5. The Gang’s All Here
And the pic of the night…:) pic.twitter.com/x9t3ajMTb1
— Maria Sharapova (@MariaSharapova) October 18, 2014
While the Big Four’s hegemony has provided the ATP with compelling, yet predictable storylines, the WTA’s cast of contenders is ever expanding. From upstarts like Genie Bouchard and Simona Halep to champions like Serena Williams and Maria Sharapova, there is a seemingly limitless number of high profile players populating the WTA fields. While Aga Radwanska’s ninja warfare and Vika Azarenka’s consistent toughness took a back seat to the upstarts in 2014, former Slam champions Ana Ivanovic and Venus Williams found their mojo and competed more impressively than they had in years. For Venus, it is a fitting last act for a tennis career that is likely only a prelude to what is likely to be a thoughtful and meaningful second act. For Ana, there is hope that she will build on her progress in 2014 to challenge for Slams in 2015. While it’s still true that an in form Serena Williams is still the person to beat, there have been many occasions where Serena has faltered, and the WTA’s sprawling cast of characters has provided plenty of excitement in her absence.
This picture says it all:
— Post Sports (@PostSports) September 8, 2014
This was a year of “it’s not where you start, it’s where you finish” for Serena Williams. Lackluster performances in the first three Slams of the year left her wondering if her inevitable 18th Slam would ever happen. Despite her frustrations and that scary Wimbledon doubles match, Serena largely seemed to find joy in competing on the tour and in having a bestie to hang with off the court. And, once again, Serena battled her way into the history books, and picked up some nice jewelry from Chrissie and Martina along the way. Now, all she has to do is win four more to test whether the famously elusive Steffi Graf will pony up some baubles and show up for the trophy ceremony.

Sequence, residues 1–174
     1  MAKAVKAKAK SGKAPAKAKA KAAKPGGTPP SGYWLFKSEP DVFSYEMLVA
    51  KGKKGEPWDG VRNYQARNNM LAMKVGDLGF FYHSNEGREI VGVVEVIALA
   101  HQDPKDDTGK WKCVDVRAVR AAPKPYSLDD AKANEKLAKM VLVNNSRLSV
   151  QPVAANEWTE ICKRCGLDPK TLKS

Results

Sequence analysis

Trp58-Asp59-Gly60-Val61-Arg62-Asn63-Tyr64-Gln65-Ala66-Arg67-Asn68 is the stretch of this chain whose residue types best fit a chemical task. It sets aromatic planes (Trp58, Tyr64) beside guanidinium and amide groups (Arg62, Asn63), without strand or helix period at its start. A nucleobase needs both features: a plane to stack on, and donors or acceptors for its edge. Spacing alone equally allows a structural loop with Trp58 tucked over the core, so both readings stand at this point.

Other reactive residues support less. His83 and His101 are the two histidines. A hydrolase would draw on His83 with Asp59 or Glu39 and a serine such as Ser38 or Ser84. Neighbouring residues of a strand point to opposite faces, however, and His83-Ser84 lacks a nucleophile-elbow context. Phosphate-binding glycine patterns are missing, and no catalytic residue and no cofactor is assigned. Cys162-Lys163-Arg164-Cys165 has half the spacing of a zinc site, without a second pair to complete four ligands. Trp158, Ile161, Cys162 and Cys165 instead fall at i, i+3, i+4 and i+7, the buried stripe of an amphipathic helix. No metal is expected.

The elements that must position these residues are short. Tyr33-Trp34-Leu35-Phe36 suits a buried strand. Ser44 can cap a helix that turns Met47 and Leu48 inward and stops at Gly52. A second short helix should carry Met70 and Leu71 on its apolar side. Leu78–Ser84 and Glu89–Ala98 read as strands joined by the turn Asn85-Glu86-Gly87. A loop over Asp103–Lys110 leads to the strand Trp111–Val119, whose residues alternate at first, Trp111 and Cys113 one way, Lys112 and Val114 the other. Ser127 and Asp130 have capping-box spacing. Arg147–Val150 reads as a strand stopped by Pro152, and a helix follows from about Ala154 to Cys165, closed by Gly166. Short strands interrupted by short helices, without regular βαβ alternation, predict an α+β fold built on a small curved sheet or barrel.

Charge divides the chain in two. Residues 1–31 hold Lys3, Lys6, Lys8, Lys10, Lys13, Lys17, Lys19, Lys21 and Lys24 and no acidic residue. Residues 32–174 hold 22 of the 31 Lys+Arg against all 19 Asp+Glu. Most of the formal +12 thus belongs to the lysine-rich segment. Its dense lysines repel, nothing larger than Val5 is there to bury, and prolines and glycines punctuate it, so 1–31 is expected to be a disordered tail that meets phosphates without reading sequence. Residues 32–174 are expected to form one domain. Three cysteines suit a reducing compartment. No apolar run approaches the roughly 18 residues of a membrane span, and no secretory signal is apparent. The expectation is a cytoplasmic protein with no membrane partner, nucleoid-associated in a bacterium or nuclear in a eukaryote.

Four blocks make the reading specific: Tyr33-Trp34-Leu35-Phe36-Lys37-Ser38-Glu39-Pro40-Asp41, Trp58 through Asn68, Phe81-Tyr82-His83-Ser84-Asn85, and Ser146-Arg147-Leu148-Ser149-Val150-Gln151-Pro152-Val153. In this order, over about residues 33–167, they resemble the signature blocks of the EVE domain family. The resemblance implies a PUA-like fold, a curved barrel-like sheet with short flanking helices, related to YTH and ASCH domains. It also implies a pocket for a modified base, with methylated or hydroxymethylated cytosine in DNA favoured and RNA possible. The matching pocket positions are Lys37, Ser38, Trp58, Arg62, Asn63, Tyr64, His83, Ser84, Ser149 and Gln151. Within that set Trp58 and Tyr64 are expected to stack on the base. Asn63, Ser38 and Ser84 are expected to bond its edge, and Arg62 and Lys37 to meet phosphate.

7. Please Don’t Go: Li Na
In a year filled with feel good moments on the WTA tour, the best one might have been right at the start of the year: Li Na’s win at the Australian Open. Losing the 2013 final after a freak fall and an ill-timed fireworks break, the 2014 title seemed like appropriate karmic payback to a woman who has brought tennis to Asia and joy to tennis fans and journalists with her easy sense of humor and penchant for wisecracks at her husband’s expense. After the Australian Open win and a year where she faced more injuries and then lost her beloved coach Carlos Rodriguez to his coaching commitments in China, it was not a shock that the 32 year old decided to call it quits. But, we’re still sad to see her go. It’s hard to imagine anyone else on the tour giving a speech like this:
What were your favorite WTA moments in 2014? What are you looking forward to most in 2015?